band imageA lot of the heavy 70's stuff can be hit or miss – a lot of times only three or four songs on an album are rockin,' but they may be SO rockin' that it makes the whole album worth seeking out, so it's good to know that in advance. I decided to try and give a little more specific information about how some of the albums that I really dig sound and I came up with my own wacky rating system to help define things a bit and maybe get more information across. The idea for a rating system came from Martin Popoff's book, 'The Collector's Guide to Heavy Metal, Volume 1: The Seventies', which is a great book with reviews of tons of albums, most of which are very obscure. In it he's got a simple rating system of two numbers, one is the heaviness of the album and the other is how much he likes that particular record. I wanted something a little less vague. Some people consider something heavy just because there's distorted guitars, but to me, the melodic/riff component is more important to the heaviness of something than the guitar sound, so I was hoping to convey that information somehow. Don't get me wrong, I love heavy guitar sounds. Of course, it's all just my opinion and many would disagree with my assessment of heaviness, so dig it or don't. Unfortunately for the blog, I've been really busy and haven't had the chance to write anything new in a long time. I need to get back at it.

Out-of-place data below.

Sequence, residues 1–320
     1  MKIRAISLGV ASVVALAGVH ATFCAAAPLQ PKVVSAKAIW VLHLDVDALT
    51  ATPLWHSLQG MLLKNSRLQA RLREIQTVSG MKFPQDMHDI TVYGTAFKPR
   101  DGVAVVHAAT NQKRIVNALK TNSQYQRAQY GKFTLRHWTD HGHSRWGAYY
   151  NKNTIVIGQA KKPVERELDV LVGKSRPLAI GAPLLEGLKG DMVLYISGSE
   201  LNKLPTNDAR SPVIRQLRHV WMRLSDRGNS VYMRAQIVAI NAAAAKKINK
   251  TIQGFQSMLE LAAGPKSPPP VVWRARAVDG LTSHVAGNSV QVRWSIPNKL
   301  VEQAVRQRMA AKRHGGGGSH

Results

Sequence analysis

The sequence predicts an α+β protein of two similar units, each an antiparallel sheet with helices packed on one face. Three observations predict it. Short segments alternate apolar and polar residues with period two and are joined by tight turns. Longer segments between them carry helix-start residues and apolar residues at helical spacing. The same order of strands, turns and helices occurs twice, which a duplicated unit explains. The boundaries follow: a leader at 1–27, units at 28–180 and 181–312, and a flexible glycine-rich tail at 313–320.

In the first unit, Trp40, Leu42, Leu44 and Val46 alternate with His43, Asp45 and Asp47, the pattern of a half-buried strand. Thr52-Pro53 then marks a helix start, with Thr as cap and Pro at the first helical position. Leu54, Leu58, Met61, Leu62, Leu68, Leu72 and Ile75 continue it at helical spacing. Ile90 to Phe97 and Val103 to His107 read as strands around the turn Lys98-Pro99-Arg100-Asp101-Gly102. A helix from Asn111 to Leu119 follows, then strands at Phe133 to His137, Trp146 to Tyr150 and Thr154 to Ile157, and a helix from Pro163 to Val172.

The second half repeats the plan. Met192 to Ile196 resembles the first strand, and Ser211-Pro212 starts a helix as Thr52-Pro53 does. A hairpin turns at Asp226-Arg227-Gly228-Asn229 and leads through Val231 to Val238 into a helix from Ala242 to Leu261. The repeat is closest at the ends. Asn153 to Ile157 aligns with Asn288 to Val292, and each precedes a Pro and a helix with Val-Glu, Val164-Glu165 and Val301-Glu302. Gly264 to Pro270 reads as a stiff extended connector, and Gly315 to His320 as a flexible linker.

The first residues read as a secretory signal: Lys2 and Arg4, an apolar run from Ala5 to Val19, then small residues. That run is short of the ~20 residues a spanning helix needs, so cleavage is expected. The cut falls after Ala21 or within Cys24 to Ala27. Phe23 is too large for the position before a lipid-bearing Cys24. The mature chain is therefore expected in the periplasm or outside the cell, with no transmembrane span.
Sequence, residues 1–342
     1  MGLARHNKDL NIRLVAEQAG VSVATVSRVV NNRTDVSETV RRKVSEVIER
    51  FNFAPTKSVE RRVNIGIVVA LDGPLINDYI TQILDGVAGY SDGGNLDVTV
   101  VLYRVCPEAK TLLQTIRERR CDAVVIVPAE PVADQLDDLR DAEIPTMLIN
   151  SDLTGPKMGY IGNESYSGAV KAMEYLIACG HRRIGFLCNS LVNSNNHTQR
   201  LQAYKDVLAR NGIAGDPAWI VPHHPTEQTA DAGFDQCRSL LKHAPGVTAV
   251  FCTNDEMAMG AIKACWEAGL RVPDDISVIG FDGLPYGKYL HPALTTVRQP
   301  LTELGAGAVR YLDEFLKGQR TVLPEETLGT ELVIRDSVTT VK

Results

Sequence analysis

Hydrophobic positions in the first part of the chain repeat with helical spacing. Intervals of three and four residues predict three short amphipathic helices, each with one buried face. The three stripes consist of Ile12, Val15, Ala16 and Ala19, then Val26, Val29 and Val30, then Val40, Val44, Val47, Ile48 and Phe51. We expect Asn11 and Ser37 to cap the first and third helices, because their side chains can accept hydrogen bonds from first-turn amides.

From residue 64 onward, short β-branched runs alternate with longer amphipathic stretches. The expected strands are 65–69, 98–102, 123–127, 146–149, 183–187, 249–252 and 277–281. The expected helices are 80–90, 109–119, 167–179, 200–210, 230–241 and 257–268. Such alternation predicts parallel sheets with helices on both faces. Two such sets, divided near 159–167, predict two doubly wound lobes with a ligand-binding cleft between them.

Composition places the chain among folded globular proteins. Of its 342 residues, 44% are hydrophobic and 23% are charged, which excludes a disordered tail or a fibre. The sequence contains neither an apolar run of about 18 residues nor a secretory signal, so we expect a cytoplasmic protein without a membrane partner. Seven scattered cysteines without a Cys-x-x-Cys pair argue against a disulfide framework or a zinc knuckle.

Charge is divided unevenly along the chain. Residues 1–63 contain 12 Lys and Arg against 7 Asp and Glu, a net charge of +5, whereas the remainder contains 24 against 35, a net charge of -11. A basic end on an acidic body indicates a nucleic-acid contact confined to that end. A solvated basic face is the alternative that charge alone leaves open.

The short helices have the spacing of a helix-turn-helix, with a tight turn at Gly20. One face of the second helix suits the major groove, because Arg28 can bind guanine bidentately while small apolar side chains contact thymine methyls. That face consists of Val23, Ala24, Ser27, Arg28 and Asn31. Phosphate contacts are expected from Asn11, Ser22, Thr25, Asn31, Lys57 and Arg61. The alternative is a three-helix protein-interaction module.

Is Wo Fat your only band? It sounds heavy as fuck, but I could imagine you'd like to play more funky '70's stuff like Grand Funk.
Wo Fat is my only band, but it would be cool to do something a little more 70's. Like a Stone Axe kind of trip. I like how they keep it real authentic sonically. But really, Wo Fat, to me, is taking that 70's thing and the blues thing and just really cranking the amps and going all out with it, which is where my heart is.